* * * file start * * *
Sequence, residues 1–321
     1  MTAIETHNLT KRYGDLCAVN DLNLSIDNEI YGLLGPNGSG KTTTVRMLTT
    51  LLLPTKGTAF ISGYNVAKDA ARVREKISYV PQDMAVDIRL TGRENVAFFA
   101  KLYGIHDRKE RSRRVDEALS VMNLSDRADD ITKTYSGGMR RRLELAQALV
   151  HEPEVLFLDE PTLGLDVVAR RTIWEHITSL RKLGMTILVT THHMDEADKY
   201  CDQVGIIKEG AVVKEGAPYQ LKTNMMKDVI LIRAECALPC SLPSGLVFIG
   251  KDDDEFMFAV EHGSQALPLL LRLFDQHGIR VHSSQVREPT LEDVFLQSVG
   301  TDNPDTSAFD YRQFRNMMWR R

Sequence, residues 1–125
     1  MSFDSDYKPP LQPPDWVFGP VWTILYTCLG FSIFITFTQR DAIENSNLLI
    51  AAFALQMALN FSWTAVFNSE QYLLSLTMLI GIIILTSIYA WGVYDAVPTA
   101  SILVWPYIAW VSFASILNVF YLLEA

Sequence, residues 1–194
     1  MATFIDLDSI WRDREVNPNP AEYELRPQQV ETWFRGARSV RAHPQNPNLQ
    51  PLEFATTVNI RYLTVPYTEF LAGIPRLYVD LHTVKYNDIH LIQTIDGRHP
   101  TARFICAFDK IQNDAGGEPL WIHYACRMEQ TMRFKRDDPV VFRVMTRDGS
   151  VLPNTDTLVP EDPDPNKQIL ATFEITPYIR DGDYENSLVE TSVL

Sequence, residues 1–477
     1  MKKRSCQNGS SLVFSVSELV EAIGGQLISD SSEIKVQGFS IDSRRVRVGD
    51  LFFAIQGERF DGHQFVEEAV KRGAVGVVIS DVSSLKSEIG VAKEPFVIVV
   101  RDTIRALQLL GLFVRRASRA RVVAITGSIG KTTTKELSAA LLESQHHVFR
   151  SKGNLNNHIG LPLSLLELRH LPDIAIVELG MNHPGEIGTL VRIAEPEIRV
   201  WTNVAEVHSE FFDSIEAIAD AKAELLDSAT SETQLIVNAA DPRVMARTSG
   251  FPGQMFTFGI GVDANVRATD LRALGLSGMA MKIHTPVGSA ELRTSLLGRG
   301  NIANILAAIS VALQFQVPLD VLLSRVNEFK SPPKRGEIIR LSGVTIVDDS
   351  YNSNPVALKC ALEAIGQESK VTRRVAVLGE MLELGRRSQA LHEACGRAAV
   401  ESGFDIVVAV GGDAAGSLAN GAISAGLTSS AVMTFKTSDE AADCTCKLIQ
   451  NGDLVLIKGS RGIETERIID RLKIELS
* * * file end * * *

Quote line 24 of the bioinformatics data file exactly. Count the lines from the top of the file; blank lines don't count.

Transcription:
   251  FPGQMFTFGI GVDANVRATD LRALGLSGMA MKIHTPVGSA ELRTSLLGRG